1 Department of Biochemistry and Molecular Biology, Faculty of Science, SDU2 Statens Serum Institut3 Department of Biochemistry and Molecular Biology, University of Southern Denmark, Odense, Denmark. Electronic address: firstname.lastname@example.org Department of Biochemistry and Molecular Biology, Faculty of Science, SDU
Protein disulfide-isomerase (PDI) is a four-domain flexible protein that catalyzes the formation of disulfide bonds in the endoplasmic reticulum. Here we have analyzed native PDI purified from human placenta by chemical cross-linking followed by mass spectrometry (CXMS). In addition to PDI the sample contained soluble calnexin and ERp72. Extensive cross-linking was observed within the PDI molecule, both intra- and inter-domain, as well as between the different components in the mixture. The high sensitivity of the analysis in the current experiments, combined with a likely promiscuous interaction pattern of the involved proteins, revealed relatively densely populated cross-link heat maps. The established X-ray structure of the monomeric PDI could be confirmed; however, the dimer as presented in the existing models does not seem to be prevalent in solution as modeling on the observed cross-links revealed new models of dimeric PDI. The observed inter-protein cross-links confirmed the existence of a peptide binding area on calnexin that binds strongly both PDI and ERp72. On the other hand, interaction sites on PDI and ERp72 could not be uniquely identified, indicating a more non-specific interaction pattern. BIOLOGICAL SIGNIFICANCE: The present work demonstrates the use of chemical cross-linking and mass spectrometry (CXMS) for the determination of a solution structure of natural human PDI and its interaction with the chaperones ERp72 and calnexin. The data shows that the dimeric structure of PDI may be more diverse than indicated by present models. We further observe that the temperature influences the cross-linking pattern of PDI, but this does not influence the overall folding pattern of the molecule.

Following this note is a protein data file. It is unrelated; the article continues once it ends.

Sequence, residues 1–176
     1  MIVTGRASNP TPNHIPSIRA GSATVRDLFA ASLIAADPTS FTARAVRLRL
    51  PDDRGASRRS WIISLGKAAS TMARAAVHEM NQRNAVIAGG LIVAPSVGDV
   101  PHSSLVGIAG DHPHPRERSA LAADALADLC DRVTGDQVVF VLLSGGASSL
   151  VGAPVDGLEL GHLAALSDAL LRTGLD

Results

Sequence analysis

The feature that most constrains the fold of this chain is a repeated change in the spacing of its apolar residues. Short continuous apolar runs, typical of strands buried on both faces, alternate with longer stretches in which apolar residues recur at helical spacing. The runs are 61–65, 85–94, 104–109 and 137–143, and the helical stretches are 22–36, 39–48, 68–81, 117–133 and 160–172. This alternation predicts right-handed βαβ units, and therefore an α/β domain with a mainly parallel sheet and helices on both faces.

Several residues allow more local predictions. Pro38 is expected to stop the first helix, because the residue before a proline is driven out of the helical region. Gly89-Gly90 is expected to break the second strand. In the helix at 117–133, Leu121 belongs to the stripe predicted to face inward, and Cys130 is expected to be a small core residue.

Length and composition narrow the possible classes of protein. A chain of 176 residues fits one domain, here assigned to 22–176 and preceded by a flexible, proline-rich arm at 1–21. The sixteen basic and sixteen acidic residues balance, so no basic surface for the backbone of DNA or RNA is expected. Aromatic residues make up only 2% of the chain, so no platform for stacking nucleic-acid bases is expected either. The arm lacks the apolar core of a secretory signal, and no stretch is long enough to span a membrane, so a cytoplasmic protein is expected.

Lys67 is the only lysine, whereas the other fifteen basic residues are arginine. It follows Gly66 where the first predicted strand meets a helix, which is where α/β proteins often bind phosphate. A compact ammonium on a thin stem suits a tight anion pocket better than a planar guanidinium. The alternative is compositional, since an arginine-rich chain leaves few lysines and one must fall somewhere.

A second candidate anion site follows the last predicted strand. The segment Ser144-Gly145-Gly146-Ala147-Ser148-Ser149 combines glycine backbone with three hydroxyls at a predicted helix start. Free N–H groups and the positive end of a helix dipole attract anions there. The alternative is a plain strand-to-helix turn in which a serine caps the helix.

Journal of Proteomics, 2014, Vol 108, Issue August, p. 1-16